Largo had to lick their wounds and manned-up the following week against a very talented Lake Gibson squad, but that hard fought game against the Braves resulted in a loss 24-20. At this point, the Packers 4-4 and looking at a run-in with Dixie Hollins and ending the season with Countryside. The Packers won a shootout with Dixie 55-41, (a must-win game if they wanted to make the playoffs) then defeated C’Side 27-20 to end their regular season at 6-4. If your scoring at home, that’s win, loss, win, loss, win, win, loss, loss, win, win. That’s symmetry. That’s also consistent. If you take out the 80-0 combined score of the East Lake and Armwood games, taking into account that both of those programs did that to several other programs as well, then you have Largo losing three games by a total of eight points. What you can point to is that throughout the season, throughout the entire first year of a major transition, things might have gone better than realized and with the talent that is returning to the squad and some progression from a true freshman the Packers might be right back to their expected levels of success sooner rather than later.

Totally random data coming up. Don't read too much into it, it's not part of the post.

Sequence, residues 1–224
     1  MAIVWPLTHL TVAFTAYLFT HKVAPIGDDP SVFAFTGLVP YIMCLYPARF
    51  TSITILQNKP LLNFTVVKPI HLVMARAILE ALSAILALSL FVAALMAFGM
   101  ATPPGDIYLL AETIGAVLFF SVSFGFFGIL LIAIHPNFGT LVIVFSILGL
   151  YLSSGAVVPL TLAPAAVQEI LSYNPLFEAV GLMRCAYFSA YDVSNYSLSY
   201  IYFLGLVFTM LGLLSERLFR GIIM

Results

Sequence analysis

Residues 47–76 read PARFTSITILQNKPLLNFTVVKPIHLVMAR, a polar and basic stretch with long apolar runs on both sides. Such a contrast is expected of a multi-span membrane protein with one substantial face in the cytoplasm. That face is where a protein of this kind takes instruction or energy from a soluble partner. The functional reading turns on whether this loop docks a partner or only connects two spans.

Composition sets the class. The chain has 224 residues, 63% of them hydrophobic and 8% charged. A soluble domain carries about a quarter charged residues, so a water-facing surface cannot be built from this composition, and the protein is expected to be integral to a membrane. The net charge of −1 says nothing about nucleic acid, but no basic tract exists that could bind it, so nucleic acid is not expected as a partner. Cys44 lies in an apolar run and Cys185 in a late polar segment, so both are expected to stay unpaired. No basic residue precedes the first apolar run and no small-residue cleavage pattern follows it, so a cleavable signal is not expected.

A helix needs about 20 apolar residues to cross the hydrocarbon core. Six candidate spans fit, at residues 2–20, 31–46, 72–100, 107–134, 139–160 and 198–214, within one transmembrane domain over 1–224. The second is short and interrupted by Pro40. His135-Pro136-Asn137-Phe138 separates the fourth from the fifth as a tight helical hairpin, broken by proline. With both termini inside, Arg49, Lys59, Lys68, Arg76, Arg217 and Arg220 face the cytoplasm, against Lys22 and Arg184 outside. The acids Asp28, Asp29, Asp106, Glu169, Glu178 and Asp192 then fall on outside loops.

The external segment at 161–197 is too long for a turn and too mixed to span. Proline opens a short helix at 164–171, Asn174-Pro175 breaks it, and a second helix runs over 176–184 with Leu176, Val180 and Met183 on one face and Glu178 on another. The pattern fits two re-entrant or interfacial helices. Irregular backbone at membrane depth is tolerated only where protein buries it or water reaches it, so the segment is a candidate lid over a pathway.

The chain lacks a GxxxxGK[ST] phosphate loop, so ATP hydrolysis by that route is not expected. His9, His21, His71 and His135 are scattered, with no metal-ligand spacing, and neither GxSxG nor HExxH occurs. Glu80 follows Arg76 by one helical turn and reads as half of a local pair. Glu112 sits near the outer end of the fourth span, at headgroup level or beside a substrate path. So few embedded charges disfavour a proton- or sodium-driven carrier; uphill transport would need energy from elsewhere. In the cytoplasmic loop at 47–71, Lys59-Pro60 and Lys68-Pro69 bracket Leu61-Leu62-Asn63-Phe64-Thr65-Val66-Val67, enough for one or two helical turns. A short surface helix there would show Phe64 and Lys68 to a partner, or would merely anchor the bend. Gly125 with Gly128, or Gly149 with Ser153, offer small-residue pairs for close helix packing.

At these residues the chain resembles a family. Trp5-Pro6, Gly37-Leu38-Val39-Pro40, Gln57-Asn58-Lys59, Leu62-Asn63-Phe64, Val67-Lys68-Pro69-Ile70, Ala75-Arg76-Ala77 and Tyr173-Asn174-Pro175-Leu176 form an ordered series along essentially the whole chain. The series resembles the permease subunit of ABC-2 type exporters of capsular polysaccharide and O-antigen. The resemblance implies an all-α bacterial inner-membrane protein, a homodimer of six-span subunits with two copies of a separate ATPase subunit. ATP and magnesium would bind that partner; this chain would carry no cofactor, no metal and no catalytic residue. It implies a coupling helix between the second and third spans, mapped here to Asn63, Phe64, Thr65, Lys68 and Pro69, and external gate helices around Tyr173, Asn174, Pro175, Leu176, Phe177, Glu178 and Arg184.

Now, the present and future. Gone are studs Donovan Hale and Jonathan Crawford. Appearing is true freshman, Isaiah Bellamy. He stands at 6-foot-3, and weighs 210-pounds, but needs time to develop. Bellamy was at E7 and showed pretty well, but also showed that he really is a true freshman; as in a ninth-grader not an 18-year old 5-star that is expected to take the keys to the E-Class and try not to crash it. Bellamy will be the true wildcard in the equation, but there’s plenty of upperclassmen that can bear some of that weight. Largo’s known for carrying a “small” roster a la Cocoa on the eastern side of the state. Not small in terms of size, but small in terms of numbers. They are asked to play (and produce) on both sides of the ball and that’s what three of these four guys do well. The other is a blossoming prospect at the running back position (E7 RB MVP John Clark) that will help Bellamy’s transition into big-boy football become a little smoother if he can stay healthy.